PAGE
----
Orange Is The New Black: New York TimesTalk highlights
Since premiering in 2013, Orange Is The New Black has enjoyed a banner four-season run. The Netflix dramedy has picked up a slew of accolades and plenty of critical acclaim, particularly for its groundbreaking depictions of race, gender, and sexuality.
Fresh off the release of the show’s fourth season, its all-star cast stopped in to chat with New York Times culture reporter David Itzkoff Friday at TheTimesCenter as part of the TimesTalks series. Taylor Schilling, Laura Prepon, Uzo Aduba, Samira Wiley, Danielle Brooks, Natasha Lyonne, and Kate Mulgrew were all featured at the event, and EW was on the scene. Read on for five things we learned from the panel.
OITNB was a crossroads for much of the cast
What the stars of OITNB were doing just before landing in Litchfield has been documented in fragments over the years, but hearing the show’s impact altogether really put into perspective what a turning point it was for much of the cast. For those who had already notched significant on-screen roles, the opportunity seemed to pop up at a time of ambivalence: Taylor Schilling and Laura Prepon had both grown disillusioned with television, and Natasha Lyonne was at a point where she was “glad to be getting a call at all.”
For others, the series served as a true breakout: Samira Wiley was bartending in New York, and Uzo Aduba had officially thrown in the towel on acting the day before scoring the gig. The odd one out? The delightfully cheeky Kate Mulgrew, who said, “I don’t recall what I was doing, but I’m sure I was having a martini and a cigar.”
The Time Hump Chronicles are a real thing
In season three, the inmates become obsessed with the Time Hump Chronicles, an erotic sci-fi series penned by Suzanne (Aduba) as part of the prison’s drama class. Turns out, there’s a real-life copy of the stories somewhere on set. “There was a book. There was absolutely a book,” Aduba said. “Jordan [Harrison, an OITNB writer] had started writing a story, and the props department came and they wanted it written in my script, and they wanted illustrations. They said, ‘If you want to add, have at it,’ [so] I did.”
Pablo Schreiber was the most intimidating castmate to work with
OITNB is a show that often toes the line of morality; It’s hard to know who to root for in a prison full of criminals. ‘Pornstache,’ an often-abusive guard played by Pablo Schreiber, was an early villain in the series, and one who Lyonne says was one of the more intimidating faces on the roster. “There was just something about him more than anyone else,” Lyonne said. “He’s a great actor, Pablo, but he’s also very tall. He’s really physically imposing…It’s legitimately scary…There were scenes that were physical, and I would always be a little bit shaken [afterward].”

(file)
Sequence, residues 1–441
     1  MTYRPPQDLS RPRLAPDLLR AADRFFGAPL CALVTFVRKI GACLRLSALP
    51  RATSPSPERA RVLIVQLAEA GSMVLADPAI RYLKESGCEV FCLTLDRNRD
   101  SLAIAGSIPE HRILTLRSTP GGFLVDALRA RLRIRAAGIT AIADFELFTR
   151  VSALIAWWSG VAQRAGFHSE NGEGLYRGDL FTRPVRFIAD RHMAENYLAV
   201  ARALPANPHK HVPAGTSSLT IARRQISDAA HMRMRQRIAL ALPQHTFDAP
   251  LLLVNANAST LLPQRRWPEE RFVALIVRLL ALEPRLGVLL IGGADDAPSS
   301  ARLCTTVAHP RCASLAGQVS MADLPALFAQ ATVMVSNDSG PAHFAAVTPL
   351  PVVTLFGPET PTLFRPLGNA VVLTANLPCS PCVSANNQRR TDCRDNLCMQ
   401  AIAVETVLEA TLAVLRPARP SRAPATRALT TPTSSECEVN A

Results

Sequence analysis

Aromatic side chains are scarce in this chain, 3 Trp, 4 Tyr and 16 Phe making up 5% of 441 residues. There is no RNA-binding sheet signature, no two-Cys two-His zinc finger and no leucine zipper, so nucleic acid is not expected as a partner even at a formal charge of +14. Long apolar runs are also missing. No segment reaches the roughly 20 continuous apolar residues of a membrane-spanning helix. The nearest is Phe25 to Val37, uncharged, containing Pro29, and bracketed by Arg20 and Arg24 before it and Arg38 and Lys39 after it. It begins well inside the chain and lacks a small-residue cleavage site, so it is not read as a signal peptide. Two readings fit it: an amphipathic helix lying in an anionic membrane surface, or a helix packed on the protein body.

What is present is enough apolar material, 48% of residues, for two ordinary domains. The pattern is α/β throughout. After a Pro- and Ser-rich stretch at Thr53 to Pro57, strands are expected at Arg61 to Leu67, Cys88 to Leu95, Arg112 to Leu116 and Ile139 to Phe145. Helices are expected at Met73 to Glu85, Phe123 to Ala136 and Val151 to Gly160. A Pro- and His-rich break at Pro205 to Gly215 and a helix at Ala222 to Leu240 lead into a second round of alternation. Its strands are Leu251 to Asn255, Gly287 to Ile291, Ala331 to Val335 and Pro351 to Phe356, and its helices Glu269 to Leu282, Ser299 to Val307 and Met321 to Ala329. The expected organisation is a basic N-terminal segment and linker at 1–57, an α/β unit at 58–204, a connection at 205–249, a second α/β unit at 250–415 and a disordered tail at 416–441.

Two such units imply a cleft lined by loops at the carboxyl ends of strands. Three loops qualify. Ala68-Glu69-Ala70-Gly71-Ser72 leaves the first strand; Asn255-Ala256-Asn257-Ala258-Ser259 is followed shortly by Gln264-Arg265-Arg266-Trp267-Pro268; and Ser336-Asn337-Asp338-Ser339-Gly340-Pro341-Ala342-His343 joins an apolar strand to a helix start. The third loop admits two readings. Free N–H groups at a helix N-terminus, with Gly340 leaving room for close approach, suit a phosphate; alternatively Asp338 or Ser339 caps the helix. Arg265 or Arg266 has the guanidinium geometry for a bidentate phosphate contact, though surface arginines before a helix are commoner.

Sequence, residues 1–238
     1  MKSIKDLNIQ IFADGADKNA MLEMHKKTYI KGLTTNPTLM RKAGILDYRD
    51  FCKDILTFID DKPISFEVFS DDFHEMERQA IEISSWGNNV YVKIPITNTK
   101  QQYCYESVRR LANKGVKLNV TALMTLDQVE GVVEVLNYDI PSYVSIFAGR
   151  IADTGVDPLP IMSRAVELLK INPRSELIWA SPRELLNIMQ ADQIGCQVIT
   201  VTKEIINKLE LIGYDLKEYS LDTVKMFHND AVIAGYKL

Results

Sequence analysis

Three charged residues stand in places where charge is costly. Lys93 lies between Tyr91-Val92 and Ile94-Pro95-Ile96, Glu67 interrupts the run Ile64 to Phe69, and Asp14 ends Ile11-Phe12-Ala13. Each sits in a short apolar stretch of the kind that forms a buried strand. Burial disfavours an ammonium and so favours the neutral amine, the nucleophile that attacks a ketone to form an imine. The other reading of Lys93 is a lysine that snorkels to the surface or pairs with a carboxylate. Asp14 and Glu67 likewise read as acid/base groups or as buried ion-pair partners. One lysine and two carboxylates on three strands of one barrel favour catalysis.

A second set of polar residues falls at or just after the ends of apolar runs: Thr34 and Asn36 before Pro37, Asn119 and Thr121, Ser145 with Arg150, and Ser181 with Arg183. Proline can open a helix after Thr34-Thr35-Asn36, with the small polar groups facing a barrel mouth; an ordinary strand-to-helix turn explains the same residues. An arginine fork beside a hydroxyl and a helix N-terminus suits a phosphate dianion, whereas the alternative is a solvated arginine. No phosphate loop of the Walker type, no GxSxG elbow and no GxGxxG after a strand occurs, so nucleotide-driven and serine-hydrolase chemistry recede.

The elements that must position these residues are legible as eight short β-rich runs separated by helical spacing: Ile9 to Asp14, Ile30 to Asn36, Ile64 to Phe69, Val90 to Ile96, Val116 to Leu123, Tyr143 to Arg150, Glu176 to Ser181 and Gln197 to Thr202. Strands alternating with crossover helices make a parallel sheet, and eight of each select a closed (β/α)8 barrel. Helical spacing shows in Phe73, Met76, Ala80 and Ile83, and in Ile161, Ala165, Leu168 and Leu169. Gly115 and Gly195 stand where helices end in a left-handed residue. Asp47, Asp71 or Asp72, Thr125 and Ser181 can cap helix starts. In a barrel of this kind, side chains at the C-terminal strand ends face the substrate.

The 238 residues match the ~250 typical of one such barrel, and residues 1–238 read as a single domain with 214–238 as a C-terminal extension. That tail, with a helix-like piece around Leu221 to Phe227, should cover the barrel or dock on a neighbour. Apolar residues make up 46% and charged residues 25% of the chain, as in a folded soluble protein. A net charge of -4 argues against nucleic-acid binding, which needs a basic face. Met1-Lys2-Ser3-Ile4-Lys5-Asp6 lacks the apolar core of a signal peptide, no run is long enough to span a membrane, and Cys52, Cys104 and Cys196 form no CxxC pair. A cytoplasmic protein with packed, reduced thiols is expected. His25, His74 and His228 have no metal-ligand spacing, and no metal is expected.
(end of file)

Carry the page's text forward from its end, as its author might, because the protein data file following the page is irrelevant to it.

Natasha Lyonne and Kate Mulgrew brought real-life experience to their roles
The OITNB women may not have committed any actual crimes, but that doesn’t mean they weren’t able to draw from real-life grit on screen. Lyonne, who plays recovering junkie Nicky Nichols, has been vocal about her own past with drug addiction, and on Friday she opened up about how she brought it to the part. “When you know something firsthand, there’s a responsibility, in a way, to tell the truth…to try to get it right and not lie about what addiction looks like,” she said. “I think I’m much harder on myself than someone who might be researching from a distance.”
Mulgrew, who portrays the tenacious Red, worked with inmates at New York’s Rikers Island. “It deepens [the show], certainly. Even though we’re fond of saying it becomes a bleak atmosphere the minute you walk onto the soundstage, that’s a little grandiose,” Mulgrew said. “When you go into Rikers and you’re working with 18, 19, 20-year-old boys, it’s unspeakably bleak…They’re so desperate to be free, and they won’t be. They’ll be transferred to a long-term facility. There’s a sense of desperation and awfulness [there] that is beyond expression.”
Alex and Piper might not ever “settle down”
Alex (Prepon) and Piper’s (Schilling) relationship is dysfunctional to say the least. And yet, it’s difficult not to want them to end up together. So will those crazy kids ever make it?
“There will never be any settling down for Alex and Piper, which is why it’s such a fun relationship to watch,” Prepon said. “It’s just one of those things where you really can’t control where your heart goes. They love each other and they hate each other, and they manipulate each other and they help each other when they need it, but the thing that’s so great is that it’s always grounded in the reality that they do ultimately love each other. You’re always kind of rooting for them because of that genuine love.”
Jenji Kohan’s absorbing ensemble dramedy, based on Piper Kerman’s memoir of the same name, takes viewers inside the walls of Litchfield, a minimum security women’s prison where nothing’s as simple as it seems—especially the inmates.